A New (But Familiar) Food Sensation

| 17 Feb 2015 | 05:07

    Foodies will join together in May to celebrate the culinary boom on the Upper West Side

    Upper West Side Looking for something fresh to do this spring? Look no further than the New Taste of the Upper West Side event to get your mouth watering and wishing it were May.

    Don Evans, the New Taste of the Upper West Side event chair, describes his idea of how food has been evolving in the neighborhood over the past years, and how the annual New Taste helps promotes businesses and bring community together. His personal involvement has been a major force behind the event.

    "Several years ago, Shake Shack was about to open next door," Evans explains. "Restaurants were opening and I had read about arts' and foods' events and I didn't know what I was going to get myself into - different restaurants were cropping up, the West Side was changing drastically. I knew many restaurant owners, I started to make calls."

    Around this time the Upper West Side had also gained a better culinary reputation, according to Evans.

    The seventh annual New Taste of the UWS, which is perhaps a bit of a misnomer as there will be some old favorites as well, will see participation from 83 restaurants this May. Some of these restaurants haven't even opened yet. Parm, for instance, is headed for the area this summer and plans to participate. The event is also sponsored by some featured restaurants, including the upscale eatery Rosa Mexicano, on Columbus, between 62nd and 63rd Streets.

    "I grew up here and have been here for forty years, my perspective is that the [U.W.S. cuisine] keeps getting better," said Haley Fox, co-founder and owner of Alice's Tea Cup. "I like that the risks get higher, the downside is that the price point goes up -- it's an unfortunate part of risk."

    Fox has watched the area transform into the culinary destination is has recently become.

    "I miss the neighborhood when it was mom and pops, we try to keep that going. I miss side street restaurants, but now there are so many places to choose from and new chefs," she said. "Price points (or perhaps demographic) has changed the neighborhood. When I was growing up, we had a bakery, an ice cream shop and one Chinese restaurant. There was nothing magically culinarily."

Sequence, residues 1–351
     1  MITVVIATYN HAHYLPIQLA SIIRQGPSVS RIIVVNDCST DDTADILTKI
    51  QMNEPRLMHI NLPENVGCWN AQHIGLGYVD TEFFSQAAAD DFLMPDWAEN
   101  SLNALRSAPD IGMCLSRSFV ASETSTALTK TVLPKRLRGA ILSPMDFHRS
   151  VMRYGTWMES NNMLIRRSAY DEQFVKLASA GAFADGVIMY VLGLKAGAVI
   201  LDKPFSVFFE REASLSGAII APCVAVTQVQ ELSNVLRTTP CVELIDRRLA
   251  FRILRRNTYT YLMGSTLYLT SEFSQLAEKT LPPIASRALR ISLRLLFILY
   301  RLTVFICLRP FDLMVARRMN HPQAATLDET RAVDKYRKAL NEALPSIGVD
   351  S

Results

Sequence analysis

Some of her favorite places are Red Farm, Koi and Mughlai, all of which are participating in the festival.

    "At New Taste, we consider ourselves a bakery, and we don't try to compete," Fox said.

    The New Taste event does in fact have a competitive element. Last year Momofuku Milk Bar took the title for "Best Comfort Food," while this year it faces new contenders, like The Meatball Shop and Treat House.

    The three-night event will also be a charitable effort to preserve Theodore Roosevelt Park, tucked just a few blocks away from Central Park, and a force for general community improvement. "It's a good deal for everyone," says Evans.

    Just as it had been in transition when Evans first organized a major food event on the UWS, Candle Cafe's Emma Larson talks about how the area continues to change, though Candle Cafe remains rooted in its personal mission.

    "There's definitely more trendy restaurants opening," Larson says. "We're on the quiet side so we don't see too much, but I would say we're trying to build more restaurants that appeal to younger people, a lot of kosher restaurants are appearing because of the current residents."

    Candle Cafe, and its affiliated restaurants, has always had a clear mission: feed people in healthy, organic ways.

    "We want to have good food for people to eat," says Larson, "Especially for those who are intolerant, have allergies and whatnot."

    Evans says restaurants are more than actively participating in the New Taste event. "It's a wide universe, within parameters," he says. "We have Indian, to Michelin-ranked, to Shake Shack, to Magnolia Bakery...and chefs will be there at the tables." There will also be celebrities from the Food Network and Iron Chef.

    Some of the managers at restaurants to be represented were not even aware their establishments would be be participating, while others, like Steven Hall, a rep for Tavern on the Green, are looking forward to being a presence this spring.

    Tavern on the Green, which sits in Central Park, just underwent massive renovations and was set to open last month, just in time for the season of rejuvenation - but the opening date continues to be pushed back.

    Based on Larson's insistence that Candle's mission has remained the same since day one, this event will be a celebration of "old" and new. More than anything it seems the West Side is embracing a time of eclectic culinary proliferation.

    To highlight the event's significance, when the West Side Spirit asked Evans if he was afraid bad weather might dampen the mood, he responded, "Is the weather worried about us?"